Excerpt from the statement by the Bank Indonesia:
Bank Indonesia considers the macroeconomic stability to be well maintained, as reflected by the inflation rate that remains within the target range of 4+1%, an improving current account deficit, and a relatively stable exchange rate. Monetary transmissions through the interest rate is improving, so are the preparations to implement the policy rate reformulation. (In April, Bank Indonesia announced that on August 19th, it will stop using its current 12-month benchmark and instead use the 7-day reverse repo rate, that stays at 5.5 percent). Provided that the macroeconomic stability maintained in a stable condition, rooms for monetary easing that has been opened may be used at an earlier time. Furthermore, Bank Indonesia will constantly increase the intensity of policy coordination with the Government, to support economic sustainable growth by strengthening growth stimuli and accelerating structural reforms, thereby supporting sustainable economic growth while controlling inflation.
Domestic economic growth in the first quarter of 2016 was lower than expected, and predicted to rebound in the subsequent periods. Growth was recorded at 4.92% (yoy), attributed to limited growth of government consumption and private investment, amid the acceleration of government capital spending. Conversely, household consumption maintained robust growth on the back of stable prices. Externally, export performance improved, along with improvements in several commodities. Economic moderation was felt in nearly all regions of Indonesia during the first quarter of 2016. Bank Indonesia projects economic growth to rebound in the upcoming periods, propped up by expanded and optimised fiscal stimuli linked specifically to accelerated infrastructure project development. Meanwhile, household consumption is also forecasted to gain momentum in line with mitigated inflation and higher income expectations. Congruously, the Government will also ramp up implementation of its recent policy package to boost competitiveness and enhance the investment climate, while a looser monetary policy stance should boost investment and exports. Consequently, robust economic growth is projected for 2016 in the range of 5.0-5.4% (yoy), which is down slightly from the previous projection of 5.2-5.6% (yoy).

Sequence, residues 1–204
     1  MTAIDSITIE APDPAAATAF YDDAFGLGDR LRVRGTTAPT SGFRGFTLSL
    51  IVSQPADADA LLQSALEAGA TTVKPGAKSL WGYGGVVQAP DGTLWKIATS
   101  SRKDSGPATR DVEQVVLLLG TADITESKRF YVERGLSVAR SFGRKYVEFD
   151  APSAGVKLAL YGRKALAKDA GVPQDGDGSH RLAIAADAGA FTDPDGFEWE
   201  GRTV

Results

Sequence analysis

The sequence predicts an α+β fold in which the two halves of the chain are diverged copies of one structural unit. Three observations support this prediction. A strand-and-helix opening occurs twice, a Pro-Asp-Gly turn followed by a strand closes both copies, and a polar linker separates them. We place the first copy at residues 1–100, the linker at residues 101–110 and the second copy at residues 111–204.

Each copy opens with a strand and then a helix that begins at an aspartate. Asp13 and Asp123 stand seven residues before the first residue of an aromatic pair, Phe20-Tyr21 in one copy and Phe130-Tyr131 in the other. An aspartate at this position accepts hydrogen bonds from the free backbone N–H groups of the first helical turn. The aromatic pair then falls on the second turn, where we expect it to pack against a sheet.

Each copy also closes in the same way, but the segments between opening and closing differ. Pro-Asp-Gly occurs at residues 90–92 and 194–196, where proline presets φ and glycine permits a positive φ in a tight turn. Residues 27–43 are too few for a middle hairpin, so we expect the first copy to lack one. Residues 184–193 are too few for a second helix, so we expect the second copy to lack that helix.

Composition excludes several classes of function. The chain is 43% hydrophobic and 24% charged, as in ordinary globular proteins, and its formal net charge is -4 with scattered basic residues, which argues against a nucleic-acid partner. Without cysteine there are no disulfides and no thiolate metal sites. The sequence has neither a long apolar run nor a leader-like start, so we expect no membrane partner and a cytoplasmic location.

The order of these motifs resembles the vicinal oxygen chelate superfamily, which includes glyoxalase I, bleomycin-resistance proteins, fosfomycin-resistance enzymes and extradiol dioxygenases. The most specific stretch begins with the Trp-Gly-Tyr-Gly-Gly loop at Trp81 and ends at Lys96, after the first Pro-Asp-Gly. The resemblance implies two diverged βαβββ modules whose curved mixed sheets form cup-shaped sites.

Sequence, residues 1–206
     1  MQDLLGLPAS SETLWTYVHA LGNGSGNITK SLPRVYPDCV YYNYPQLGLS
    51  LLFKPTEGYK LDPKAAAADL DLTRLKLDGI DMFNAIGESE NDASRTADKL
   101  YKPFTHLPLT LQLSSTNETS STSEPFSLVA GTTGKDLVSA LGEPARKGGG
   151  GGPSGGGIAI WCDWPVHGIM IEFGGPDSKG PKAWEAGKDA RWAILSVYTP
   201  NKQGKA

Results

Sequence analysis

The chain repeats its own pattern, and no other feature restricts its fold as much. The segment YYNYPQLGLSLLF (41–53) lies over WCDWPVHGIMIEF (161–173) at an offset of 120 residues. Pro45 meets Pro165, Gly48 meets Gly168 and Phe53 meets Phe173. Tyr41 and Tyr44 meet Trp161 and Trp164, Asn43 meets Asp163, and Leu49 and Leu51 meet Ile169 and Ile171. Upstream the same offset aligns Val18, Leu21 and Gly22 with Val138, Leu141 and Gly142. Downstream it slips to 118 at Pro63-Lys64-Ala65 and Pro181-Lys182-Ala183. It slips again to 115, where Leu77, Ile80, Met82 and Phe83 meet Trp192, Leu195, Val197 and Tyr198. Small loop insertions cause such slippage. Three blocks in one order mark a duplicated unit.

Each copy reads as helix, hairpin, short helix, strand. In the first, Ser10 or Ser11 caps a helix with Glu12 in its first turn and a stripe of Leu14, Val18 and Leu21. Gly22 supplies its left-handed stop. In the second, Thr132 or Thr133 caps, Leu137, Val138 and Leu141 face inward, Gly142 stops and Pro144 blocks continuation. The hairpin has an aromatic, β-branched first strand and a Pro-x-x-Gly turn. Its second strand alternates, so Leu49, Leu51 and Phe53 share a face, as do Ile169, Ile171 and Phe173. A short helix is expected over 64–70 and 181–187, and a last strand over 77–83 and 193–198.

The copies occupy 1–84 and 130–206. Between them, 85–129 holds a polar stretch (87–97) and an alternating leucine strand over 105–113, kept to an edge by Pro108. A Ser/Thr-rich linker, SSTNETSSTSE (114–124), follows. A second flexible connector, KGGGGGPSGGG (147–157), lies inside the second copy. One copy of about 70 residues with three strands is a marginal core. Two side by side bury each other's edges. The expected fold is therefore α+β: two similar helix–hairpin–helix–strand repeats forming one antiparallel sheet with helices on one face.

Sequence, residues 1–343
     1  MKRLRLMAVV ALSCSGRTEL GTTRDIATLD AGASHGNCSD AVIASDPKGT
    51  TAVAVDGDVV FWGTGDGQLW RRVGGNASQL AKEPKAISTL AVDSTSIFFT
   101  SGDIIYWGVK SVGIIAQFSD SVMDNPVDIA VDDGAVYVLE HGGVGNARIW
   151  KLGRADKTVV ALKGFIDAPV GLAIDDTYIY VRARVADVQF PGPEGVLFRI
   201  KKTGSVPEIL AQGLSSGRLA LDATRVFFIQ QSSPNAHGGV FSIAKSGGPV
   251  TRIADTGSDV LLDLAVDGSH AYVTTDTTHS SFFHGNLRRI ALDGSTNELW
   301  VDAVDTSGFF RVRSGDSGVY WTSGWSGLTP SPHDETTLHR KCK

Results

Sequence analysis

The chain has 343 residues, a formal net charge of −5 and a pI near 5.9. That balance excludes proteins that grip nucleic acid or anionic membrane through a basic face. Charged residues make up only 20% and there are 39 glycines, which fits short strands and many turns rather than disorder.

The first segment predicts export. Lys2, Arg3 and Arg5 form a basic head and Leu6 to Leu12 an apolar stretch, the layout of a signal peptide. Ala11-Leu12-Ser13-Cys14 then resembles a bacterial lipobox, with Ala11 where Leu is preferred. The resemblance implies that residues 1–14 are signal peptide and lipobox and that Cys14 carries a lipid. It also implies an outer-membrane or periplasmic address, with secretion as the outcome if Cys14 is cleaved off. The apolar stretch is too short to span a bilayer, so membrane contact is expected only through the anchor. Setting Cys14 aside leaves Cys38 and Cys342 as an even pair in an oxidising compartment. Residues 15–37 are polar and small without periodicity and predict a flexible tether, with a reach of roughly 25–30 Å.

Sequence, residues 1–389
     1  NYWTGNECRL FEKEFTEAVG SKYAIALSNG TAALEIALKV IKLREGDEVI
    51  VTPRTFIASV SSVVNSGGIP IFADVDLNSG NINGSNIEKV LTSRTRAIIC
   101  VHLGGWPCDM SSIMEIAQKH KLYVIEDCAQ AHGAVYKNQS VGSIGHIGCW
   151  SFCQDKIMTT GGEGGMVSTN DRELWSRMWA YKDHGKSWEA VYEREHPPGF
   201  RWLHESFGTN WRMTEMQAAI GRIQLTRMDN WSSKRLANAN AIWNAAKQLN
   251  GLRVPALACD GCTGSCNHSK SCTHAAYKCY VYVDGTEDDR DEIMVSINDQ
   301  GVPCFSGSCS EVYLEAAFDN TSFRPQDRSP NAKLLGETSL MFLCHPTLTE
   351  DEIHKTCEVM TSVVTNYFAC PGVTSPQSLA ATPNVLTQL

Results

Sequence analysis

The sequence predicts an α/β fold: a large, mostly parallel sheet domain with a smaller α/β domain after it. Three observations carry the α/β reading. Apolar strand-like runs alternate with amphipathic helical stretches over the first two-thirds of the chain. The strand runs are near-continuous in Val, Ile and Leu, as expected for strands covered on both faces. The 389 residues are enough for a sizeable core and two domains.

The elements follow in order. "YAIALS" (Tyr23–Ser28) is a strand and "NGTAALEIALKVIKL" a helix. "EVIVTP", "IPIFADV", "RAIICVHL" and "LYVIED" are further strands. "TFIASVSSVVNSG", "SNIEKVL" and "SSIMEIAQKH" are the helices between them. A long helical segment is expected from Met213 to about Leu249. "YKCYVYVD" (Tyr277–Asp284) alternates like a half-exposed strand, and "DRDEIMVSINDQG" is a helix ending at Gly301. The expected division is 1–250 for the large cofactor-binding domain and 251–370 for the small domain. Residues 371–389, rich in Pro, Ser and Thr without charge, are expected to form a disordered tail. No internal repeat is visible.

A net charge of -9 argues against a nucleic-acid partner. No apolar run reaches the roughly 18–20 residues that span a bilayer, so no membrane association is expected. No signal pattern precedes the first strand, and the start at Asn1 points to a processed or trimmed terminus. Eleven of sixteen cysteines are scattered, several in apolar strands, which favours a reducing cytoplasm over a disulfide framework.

The current account deficit narrowed in the first quarter of 2016, buoyed by a growing trade surplus. The current account deficit stood at 2.1% of GDP in the reporting period, down from 2.4% of GDP last quarter. A larger non-oil and gas trade surplus due to fewer non-oil and gas imports in line with limited domestic demand contributed to the narrower current account deficit. In general, non-oil and gas exports declined but shipments of several non-oil and gas commodities began to pick up.
The rupiah remains stable. In the first quarter of 2016, the rupiah gained 3.96% (ptp) to close at a level of Rp13,260 per USD. Furthermore, the momentum was maintained into April 2016, appreciating 0.55% (ptp) to a level of Rp13,188 per USD. Domestically, the rupiah appreciated on the positive perception held by investors concerning the auspicious domestic economic outlook in line with maintained macroeconomic stability and optimism surrounding future economic growth. Such conditions are consistent with the lower BI Rate and government policy package to improve the investment climate, together with the accelerated implementation of infrastructure projects.
Low inflation was still observed in the reporting period, and expected to remain within the 2016 inflation target of 4±1%. The Consumer Price Index (CPI) recorded deflation of 0.45% (mtm) or 3.60% (yoy) in April 2016, stemming from administered prices and volatile food.